At the mayor’s directive, we have created an extensive 10-year economic blueprint. We need to have residents and employees connected, educated and have the hardware and software to use the resources online.
We embarked on an 18-month process to create a fiber Master Plan but not just building up the network and partnering with the private sector; you also need digital literacy and training. So we partnered with the city college to create workforce development.
There will be no digital divide. Our goal is to have 100 percent connectivity in the city, allowing the tech sector to come in to L.B. and be easily connected.
Once you build up your tech sector and bring big corporations to L.B., what about the now infamous California housing crisis?
Garcia: We’re building about 1,000 affordable units being right now. Housing affordability is the number one issue in California. We know we have to build more. The city is doing a lot of upzoning [a land use regulation under consideration in California that would relax building height and density standards along transit corridors], particularly in downtown and along transit. We can’t build it fast enough at this point.
The federal count hasn’t shown a big increase in homelessness in L.B., but it’s an issue, and it’s a very migratory community, so we have to build housing. We have a shortage in the state. We’re looking at regulations around Airbnb and other short-term rentals.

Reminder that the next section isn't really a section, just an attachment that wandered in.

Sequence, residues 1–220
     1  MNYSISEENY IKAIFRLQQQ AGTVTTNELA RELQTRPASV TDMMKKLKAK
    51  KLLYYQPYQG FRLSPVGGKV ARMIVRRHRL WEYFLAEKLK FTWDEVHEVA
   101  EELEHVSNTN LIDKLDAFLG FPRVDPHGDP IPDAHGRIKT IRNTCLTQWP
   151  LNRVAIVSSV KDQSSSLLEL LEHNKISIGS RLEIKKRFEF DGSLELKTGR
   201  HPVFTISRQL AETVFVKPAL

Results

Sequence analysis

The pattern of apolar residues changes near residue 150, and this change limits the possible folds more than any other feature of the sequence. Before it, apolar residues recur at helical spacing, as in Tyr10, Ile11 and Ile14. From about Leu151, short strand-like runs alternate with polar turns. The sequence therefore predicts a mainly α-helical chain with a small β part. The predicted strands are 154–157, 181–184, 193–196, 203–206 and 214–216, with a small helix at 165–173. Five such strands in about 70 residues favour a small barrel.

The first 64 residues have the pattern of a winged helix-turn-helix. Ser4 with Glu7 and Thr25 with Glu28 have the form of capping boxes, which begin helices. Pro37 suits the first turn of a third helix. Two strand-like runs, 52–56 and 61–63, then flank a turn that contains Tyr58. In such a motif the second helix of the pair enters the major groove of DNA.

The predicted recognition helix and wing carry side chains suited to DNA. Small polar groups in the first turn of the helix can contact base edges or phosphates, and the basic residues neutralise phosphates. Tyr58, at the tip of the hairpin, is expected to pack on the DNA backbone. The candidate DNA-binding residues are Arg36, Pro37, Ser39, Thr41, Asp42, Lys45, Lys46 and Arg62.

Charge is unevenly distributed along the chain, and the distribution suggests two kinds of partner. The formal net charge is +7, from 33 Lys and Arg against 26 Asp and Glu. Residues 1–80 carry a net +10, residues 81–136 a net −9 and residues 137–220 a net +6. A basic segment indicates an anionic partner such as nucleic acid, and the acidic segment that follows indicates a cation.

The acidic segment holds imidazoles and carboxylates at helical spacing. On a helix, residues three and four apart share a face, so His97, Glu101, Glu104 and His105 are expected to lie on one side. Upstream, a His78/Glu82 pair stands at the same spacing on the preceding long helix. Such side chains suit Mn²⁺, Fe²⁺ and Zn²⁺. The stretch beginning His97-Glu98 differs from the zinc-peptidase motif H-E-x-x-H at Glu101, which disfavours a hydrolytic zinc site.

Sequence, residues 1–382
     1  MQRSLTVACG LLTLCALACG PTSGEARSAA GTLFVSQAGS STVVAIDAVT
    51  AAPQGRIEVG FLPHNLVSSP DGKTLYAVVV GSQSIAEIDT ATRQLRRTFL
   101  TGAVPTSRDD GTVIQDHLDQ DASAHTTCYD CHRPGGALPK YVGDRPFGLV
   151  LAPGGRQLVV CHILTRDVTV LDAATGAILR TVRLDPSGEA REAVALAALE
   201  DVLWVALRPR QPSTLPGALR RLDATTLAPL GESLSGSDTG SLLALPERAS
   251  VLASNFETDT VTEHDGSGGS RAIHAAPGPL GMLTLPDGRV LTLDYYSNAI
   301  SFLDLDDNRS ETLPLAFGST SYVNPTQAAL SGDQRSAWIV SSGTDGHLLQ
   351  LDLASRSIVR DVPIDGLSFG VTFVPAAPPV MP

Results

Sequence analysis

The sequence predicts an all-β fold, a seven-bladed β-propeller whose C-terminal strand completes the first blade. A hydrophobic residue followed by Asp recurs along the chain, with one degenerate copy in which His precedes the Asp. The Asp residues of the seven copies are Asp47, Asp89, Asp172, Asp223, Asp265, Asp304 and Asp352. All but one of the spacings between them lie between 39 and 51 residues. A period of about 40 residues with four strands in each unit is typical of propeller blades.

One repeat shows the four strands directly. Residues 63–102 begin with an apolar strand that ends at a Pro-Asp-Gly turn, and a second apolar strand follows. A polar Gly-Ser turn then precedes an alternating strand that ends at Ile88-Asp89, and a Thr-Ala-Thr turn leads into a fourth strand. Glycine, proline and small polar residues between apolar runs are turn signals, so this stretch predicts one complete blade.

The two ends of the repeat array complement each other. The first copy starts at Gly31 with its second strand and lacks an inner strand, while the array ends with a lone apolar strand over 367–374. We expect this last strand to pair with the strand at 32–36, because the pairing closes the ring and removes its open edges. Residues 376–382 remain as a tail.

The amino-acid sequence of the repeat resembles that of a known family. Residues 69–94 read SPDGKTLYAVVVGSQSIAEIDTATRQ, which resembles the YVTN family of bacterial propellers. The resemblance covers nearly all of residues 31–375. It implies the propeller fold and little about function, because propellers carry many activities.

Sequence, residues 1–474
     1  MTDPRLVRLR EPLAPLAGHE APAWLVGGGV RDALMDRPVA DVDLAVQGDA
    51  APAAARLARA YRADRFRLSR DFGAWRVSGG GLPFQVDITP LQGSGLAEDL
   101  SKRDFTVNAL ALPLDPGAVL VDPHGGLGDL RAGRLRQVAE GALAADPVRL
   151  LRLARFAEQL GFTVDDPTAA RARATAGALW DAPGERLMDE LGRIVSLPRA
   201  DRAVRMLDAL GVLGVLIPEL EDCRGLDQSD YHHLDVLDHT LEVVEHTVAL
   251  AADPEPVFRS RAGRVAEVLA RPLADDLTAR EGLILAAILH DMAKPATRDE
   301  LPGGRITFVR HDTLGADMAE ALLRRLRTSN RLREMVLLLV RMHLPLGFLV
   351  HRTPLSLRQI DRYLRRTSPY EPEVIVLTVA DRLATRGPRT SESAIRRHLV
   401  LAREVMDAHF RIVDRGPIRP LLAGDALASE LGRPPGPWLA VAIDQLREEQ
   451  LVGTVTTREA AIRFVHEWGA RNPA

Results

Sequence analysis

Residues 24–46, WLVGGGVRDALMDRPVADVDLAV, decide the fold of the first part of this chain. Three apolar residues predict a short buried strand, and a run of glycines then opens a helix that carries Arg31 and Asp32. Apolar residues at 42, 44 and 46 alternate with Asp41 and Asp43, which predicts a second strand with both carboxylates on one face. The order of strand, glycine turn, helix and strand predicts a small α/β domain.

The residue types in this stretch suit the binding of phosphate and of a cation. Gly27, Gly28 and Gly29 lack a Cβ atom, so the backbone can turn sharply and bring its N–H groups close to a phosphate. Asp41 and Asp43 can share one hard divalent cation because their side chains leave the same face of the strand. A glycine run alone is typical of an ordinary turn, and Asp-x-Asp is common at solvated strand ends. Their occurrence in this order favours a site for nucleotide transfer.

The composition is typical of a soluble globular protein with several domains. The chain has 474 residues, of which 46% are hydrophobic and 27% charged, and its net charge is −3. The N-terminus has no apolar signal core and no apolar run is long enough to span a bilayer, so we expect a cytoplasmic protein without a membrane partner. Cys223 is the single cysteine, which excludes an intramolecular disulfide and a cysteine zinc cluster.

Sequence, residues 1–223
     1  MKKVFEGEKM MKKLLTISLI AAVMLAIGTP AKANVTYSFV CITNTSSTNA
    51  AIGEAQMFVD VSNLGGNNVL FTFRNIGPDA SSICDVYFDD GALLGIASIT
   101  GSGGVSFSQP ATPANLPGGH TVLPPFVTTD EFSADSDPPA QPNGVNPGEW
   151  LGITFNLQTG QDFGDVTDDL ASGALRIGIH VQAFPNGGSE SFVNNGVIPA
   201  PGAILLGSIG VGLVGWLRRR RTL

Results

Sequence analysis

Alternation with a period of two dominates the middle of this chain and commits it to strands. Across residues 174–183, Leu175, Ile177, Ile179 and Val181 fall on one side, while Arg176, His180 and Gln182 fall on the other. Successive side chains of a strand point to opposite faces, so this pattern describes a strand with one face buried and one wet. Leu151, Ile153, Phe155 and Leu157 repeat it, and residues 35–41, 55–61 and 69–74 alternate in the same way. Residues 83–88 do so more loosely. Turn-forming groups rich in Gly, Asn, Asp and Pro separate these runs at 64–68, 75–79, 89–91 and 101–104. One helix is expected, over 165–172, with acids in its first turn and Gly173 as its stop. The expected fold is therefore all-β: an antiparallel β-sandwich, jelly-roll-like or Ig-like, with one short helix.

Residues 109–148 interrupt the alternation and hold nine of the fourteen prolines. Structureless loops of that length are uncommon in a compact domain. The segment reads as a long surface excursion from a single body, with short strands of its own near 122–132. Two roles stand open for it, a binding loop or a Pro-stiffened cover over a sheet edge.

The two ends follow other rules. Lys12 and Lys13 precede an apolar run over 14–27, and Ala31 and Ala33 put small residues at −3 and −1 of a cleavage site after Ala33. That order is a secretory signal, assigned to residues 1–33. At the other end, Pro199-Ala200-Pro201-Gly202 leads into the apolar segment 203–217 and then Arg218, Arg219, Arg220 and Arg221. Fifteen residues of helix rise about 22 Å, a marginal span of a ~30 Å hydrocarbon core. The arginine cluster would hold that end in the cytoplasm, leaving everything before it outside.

As the tech sector grows, do you have the manpower to run it? Or are you relying on companies to bring their own employees?
Keisler: In a recent survey of 300 randomly selected businesses in L.B., their No. 1 concern was finding and keeping qualified workers.
We feel that, as a city, we can create a really cool environment where people who are connected and ultimately have the knowledge to utilize the internet and technology can be assets for both new businesses and business expansion. And we’re seeing that.
What about public transportation? Everyone believes that this is one of the most challenging aspects of living in SoCal.
Garcia: We’re building a much larger rail network. We passed a huge measure, the biggest in the country, just last year, so people can get across the county on rail.[Garcia joined the L.A. Metro board of directors in 2017 to help steward Measure M, the agency’s $120 billion investment plan for connective infrastructure throughout Los Angeles County and the whole of metropolitan L.A.]
What are a few of the dream tech companies you’d like to see make the move to L.B.?
Garcia: Look at Amazon. One of the regions they’re looking at is L.A. County. The reason why these larger firms are attractive is because they don’t necessarily need to be in L.B. for us to see an impact. A company like that moves anywhere in the L.A. area, and we’ll be impacted. Obviously, firms like Google or Amazon that have a density of people would be great. We’d also love to see Virgin grow and see some of the other operations that they have also grow.
If you could say there’s one thing on the top of your agenda for L.B., what would that be?
Garcia: The big issue is building housing. We’ve got billions of dollars in housing construction in the downtown area, we’ve got cranes everywhere, and it’s booming with construction. The primary issue in every city in in California is building enough housing so that prices stay affordable.